Here we go again.

The wet, cool spring that boosted optimism that the drought was over has given way to a hot, dry end of summer that is leaving trees, lawns and plants in dire need of watering.

“The rain we had in the spring doesn’t count now,” said Kent Honl, master arborist at Rainbow Treecare. “I’m seeing a lot of trees with yellowing leaves. They’re shedding their foliage to conserve moisture.”

The drought that we thought had ended is now officially back.

The first six months of the year were among the wettest in the 119 years Minnesotans have been keeping such records. By the end of June, only a couple of areas in the northwestern part of the state were still reporting dry conditions, and in mid-July, the U.S. Climate Prediction Center issued a rosy projection that the entire state would be drought-free by Halloween.

But that prediction turned out to be more trick than treat. The weather tables have turned, combining a late-season heat wave with rainfall that’s been about 3 inches below normal since July 1. The U.S. Drought Monitor report released last week classified 53 percent of the state — including the Twin Cities — as being in moderate drought and another 26 percent as overly dry.

The bottom line: Keep those hoses handy.

Don’t let the calendar fool you. There’s a commonly held belief that once the prime growing season is over, we don’t have to worry about tending to our plants until next spring. That’s completely false, said garden writer Deb Brown. In fact, the opposite is true: If you want the plants to still be around next spring, you’d better tend to them now.

“If a plant is drought-stressed, it’s much harder for it to survive the winter,” she said. “Perennials need to be watered right up until the soil begins to freeze. The same for bushes and trees. I can’t think of anything that doesn’t benefit from a good soaking once a week. It’s really critical that they don’t go into winter stressed.”

Don’t forget the lawn. Yes, you could allow it to go dormant and it might come back in the spring — the emphasis being on “might.”

“We had a really bad drought back in the ’80s, and experts were telling people to let their lawns go brown and they would come back the next year,” Brown recalled. “Well, a lot of them didn’t. It depends on the individual lawn, but I wouldn’t risk it.”

The one-inch rule

As a general rule of thumb, experts recommend one inch of water a week. But that advice comes with a caveat: Lots of factors, including the sand and clay contents of the soil, affect the amount of water that’s needed.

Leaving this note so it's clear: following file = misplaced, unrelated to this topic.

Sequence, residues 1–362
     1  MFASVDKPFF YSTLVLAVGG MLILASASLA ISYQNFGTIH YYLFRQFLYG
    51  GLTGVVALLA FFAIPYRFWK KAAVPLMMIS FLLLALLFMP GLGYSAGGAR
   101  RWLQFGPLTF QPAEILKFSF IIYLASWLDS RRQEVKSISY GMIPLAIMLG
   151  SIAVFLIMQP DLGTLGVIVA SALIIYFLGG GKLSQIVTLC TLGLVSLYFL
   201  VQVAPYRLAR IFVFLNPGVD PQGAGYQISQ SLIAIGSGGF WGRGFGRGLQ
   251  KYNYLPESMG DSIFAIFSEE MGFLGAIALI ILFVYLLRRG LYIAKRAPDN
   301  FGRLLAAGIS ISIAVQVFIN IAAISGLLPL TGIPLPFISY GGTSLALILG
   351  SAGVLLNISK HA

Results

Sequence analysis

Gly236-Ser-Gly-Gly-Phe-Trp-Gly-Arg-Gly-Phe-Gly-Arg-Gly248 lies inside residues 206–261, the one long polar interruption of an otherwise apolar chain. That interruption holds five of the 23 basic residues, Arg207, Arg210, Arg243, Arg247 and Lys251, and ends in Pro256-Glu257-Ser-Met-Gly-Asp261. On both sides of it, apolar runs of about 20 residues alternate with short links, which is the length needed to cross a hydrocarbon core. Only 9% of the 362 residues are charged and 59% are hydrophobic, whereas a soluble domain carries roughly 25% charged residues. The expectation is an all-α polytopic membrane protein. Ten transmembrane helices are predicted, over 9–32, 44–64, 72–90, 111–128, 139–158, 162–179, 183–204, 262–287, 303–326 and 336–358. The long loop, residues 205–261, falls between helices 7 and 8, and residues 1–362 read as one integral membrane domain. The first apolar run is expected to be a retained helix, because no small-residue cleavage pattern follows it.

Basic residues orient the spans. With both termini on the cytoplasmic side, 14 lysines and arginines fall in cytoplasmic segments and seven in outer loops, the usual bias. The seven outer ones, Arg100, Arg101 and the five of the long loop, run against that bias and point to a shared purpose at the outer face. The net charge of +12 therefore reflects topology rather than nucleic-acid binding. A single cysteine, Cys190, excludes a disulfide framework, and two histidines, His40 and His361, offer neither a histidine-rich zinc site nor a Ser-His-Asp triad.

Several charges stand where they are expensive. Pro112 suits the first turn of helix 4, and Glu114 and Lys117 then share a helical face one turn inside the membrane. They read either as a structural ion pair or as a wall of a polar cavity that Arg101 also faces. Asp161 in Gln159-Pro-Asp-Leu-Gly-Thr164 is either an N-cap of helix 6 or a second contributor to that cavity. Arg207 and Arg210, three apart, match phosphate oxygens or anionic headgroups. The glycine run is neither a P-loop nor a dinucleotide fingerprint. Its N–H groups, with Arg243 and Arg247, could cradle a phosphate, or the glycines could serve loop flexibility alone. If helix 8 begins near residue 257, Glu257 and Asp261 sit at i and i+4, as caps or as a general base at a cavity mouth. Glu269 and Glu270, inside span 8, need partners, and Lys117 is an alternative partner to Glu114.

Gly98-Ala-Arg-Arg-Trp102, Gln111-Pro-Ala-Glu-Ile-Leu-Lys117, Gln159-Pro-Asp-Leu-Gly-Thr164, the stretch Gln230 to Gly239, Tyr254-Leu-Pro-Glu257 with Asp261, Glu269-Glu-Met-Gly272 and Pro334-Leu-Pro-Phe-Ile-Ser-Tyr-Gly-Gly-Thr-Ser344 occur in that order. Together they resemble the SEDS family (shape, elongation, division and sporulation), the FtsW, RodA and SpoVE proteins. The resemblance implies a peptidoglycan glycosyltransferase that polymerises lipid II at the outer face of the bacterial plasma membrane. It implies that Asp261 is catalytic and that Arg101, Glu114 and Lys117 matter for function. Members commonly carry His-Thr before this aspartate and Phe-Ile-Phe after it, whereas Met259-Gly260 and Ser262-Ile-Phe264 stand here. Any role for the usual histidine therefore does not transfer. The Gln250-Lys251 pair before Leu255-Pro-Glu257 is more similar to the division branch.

“You should get to know your own location,” Honl said. “A big part of having a green thumb is knowing the local conditions and how plants react to them.”

For instance, in sandy soils, the water will drain away faster. Instead of one major watering a week, you might want to consider two or three smaller ones. And ground that’s heavy with clay will hold too much water.

“You don’t want to drown the plants, either,” he said. “There’s a Goldilocks factor here — not too little but not too much.”

The best way to determine when you’ve reached the one-inch mark is to put a container — an empty tuna can is one of the experts’ favorites — in the area and then time how long the sprinkler has to run to fill it with an inch of water.

“People will say, ‘I have an irrigation system that runs for 20 minutes every other day,’ but that doesn’t mean anything,” Honl said. “Irrigation systems are different, and the [water volume] settings are different.”

While people remember to tend to young trees, it’s just as important to water mature trees during drought conditions, he said.

“A tree is a huge water-pumping system,” he said. It absorbs water through its root system — which tends to be the same size as the its crown — and sends it to the leaves, where it’s released into the air via evaporation. “On a hot, windy day, a tree can go through hundreds of gallons of water,” he said.

Many people like to put a fall application of fertilizer on their lawns, which will help it grow in thicker in the spring, preventing weeds. But reconsider it this year if your lawn is stressed, Brown said.

“If the lawn is healthy, it definitely pays benefits,” she said. “But if it’s dry and crispy, don’t do it.”

The experts also agree on the need to monitor the weather and adjust accordingly — always good advice but particularly relevant this year.

“This has been such a bizarre summer that I don’t know what to expect next,” Brown said.